Dienekes points to another paper on European population substructure, Genome-Wide Analysis of Single Nucleotide Polymorphisms Uncovers Population Structure in Northern Europe:
In this study, we analysed almost 250,000 SNPs from a total of 945 samples from Eastern and Western Finland, Sweden, Northern Germany and Great Britain complemented with HapMap data. Small but statistically significant differences were observed between the European populations...The latter indicated the existence of a relatively strong autosomal substructure within the country, similar to that observed earlier with smaller numbers of markers. The Germans and British were less differentiated than the Swedes, Western Finns and especially the Eastern Finns who also showed other signs of genetic drift. This is likely caused by the later founding of the northern populations, together with subsequent founder and bottleneck effects, and a smaller population size. Furthermore, our data suggest a small eastern contribution among the Finns, consistent with the historical and linguistic background of the population.
The figure to the left (adapted from figure 2) is a chart showing the three largest components of variation within the genetic data. Nothing is very surprising here, the eastern Finns are more distant from other Europeans than the western Finns; a prediction one would make from plain geography. As the authors note, there are plenty of "common sense" reasons why you see the particular patterns discernible. Fenno-Scandinavia was settled from the south within the last 10,000 years, so founder effects would be more operative among these populations (this trend exists on a pan-European scale from south to north). Additionally, the ecological context of northern Europe tends to result low populations, which increase the power of genetic drift to fix rare variants. Finland in particular is marginally arable, while even Sweden exhibited a relatively late adoption of agriculture. Migration is a population genetic parameter which works against drift to reduce between population barriers, but water barriers are often extremely effective in reducing gene flow from deme to deme. Though it is notable that the British samples are so close to Germans; I think the authors are right to point to the likely historical origins of the Finnic peoples as explaining the distinctiveness as much as geography or ecology. The figure below (adapted from supplemental figure 3) shows the relationship between European populations and non-European HapMap populations. No surprise that Europeans cluster together, but again, the eastern Finns are where you would expect them to be.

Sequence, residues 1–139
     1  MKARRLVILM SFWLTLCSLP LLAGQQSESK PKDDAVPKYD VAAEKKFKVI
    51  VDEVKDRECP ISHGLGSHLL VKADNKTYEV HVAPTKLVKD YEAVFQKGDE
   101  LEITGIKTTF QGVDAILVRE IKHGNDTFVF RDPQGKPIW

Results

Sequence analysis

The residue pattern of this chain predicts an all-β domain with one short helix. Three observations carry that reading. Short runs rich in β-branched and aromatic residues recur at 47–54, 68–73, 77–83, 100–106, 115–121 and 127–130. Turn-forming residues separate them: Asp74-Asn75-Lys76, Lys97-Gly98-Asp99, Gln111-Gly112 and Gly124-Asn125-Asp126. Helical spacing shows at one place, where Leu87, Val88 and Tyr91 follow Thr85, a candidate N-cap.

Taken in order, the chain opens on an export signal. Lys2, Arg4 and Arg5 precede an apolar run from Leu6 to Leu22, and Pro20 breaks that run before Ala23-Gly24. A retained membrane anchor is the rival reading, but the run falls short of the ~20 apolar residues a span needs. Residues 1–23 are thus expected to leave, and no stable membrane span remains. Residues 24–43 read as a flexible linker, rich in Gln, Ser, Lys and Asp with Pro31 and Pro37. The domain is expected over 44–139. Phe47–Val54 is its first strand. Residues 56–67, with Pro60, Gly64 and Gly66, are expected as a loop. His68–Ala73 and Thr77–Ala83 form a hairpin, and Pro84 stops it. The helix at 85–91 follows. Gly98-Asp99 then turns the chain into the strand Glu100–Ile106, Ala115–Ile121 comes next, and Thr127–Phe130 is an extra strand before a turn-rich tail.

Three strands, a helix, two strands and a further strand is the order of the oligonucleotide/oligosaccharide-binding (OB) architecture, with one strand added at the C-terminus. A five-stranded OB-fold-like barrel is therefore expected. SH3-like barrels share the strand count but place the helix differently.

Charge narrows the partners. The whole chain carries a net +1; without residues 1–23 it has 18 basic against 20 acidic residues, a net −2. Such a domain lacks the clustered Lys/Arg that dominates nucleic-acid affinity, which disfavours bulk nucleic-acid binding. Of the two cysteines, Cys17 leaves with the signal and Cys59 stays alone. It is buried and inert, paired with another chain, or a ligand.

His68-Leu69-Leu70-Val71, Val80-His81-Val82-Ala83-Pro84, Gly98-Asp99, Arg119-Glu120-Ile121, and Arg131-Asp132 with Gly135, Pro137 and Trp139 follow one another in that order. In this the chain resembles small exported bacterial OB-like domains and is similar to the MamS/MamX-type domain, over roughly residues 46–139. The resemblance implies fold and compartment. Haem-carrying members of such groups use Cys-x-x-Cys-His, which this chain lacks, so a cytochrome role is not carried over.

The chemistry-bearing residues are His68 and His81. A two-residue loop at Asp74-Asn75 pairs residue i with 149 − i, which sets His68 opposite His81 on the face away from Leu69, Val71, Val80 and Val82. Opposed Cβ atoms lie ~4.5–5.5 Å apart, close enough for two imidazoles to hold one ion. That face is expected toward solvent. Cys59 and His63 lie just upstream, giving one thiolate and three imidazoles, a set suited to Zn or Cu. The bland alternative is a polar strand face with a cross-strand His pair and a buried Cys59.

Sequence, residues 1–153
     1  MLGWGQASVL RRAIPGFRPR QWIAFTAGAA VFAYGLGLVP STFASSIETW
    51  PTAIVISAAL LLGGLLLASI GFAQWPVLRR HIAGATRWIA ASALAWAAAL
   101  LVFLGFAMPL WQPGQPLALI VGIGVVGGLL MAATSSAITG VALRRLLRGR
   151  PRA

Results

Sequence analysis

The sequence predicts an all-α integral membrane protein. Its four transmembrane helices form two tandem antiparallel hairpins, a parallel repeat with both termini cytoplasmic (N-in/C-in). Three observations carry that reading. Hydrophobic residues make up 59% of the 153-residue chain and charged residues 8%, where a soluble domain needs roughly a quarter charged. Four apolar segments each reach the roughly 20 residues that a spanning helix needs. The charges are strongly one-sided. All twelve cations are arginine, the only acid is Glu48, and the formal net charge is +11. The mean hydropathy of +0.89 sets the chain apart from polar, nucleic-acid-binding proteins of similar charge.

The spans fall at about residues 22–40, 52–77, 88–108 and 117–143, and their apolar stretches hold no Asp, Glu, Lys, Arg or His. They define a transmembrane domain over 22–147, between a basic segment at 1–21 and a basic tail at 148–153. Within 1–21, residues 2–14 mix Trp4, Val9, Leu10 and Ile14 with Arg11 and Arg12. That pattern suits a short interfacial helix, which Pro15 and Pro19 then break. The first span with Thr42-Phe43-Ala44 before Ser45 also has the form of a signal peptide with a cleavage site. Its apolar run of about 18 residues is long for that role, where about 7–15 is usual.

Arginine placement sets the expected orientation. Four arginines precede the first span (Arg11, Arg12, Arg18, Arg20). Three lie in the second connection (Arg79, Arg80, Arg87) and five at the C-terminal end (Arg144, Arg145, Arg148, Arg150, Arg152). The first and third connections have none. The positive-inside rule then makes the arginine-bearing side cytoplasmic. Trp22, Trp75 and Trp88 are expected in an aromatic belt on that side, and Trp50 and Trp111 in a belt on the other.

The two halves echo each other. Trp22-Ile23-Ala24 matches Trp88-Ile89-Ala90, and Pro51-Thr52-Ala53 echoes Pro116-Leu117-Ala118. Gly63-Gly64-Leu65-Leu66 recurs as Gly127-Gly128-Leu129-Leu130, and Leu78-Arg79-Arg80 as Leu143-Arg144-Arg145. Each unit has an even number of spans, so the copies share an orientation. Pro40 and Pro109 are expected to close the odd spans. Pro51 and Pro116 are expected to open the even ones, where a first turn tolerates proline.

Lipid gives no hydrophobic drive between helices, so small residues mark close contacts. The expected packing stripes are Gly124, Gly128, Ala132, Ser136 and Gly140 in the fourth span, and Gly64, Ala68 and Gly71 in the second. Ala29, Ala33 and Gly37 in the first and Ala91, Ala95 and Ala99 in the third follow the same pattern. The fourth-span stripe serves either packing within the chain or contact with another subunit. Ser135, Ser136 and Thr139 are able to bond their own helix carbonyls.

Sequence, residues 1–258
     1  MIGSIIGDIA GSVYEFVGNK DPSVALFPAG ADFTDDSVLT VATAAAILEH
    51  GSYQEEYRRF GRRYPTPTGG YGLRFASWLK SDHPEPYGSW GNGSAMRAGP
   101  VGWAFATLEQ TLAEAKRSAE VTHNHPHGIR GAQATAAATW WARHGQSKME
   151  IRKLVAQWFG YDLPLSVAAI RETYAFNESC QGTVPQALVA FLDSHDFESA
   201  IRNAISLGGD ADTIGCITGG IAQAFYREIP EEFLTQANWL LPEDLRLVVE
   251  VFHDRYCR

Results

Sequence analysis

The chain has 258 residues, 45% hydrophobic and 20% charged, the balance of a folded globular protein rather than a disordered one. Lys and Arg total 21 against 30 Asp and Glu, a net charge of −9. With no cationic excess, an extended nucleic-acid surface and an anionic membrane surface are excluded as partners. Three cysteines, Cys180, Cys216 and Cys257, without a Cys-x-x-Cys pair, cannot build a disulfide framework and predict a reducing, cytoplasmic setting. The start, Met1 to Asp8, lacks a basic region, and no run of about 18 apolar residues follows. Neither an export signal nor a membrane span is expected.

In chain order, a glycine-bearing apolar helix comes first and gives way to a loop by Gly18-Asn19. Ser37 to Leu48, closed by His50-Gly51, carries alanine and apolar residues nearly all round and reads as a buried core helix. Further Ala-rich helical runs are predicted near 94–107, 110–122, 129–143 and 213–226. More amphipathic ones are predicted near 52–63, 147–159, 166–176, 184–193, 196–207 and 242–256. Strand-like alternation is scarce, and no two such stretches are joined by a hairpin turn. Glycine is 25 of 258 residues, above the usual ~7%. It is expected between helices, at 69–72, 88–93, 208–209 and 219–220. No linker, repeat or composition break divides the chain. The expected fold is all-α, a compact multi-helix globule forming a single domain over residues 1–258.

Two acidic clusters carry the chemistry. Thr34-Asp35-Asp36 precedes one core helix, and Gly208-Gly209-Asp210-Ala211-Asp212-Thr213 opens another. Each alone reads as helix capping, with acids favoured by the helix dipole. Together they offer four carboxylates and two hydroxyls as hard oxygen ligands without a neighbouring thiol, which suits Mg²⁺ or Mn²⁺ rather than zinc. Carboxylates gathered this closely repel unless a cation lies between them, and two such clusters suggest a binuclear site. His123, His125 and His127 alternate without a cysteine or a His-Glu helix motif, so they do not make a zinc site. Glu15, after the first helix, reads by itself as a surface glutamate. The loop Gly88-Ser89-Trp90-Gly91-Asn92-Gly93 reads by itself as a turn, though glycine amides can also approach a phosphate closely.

Related:European population substructure, European population substructure again, Population substructure in Japan, Genetic map of Europe; genes vary as a function of distance, The Genetic Map of Europe and The genetics of Fenno-Scandinavia.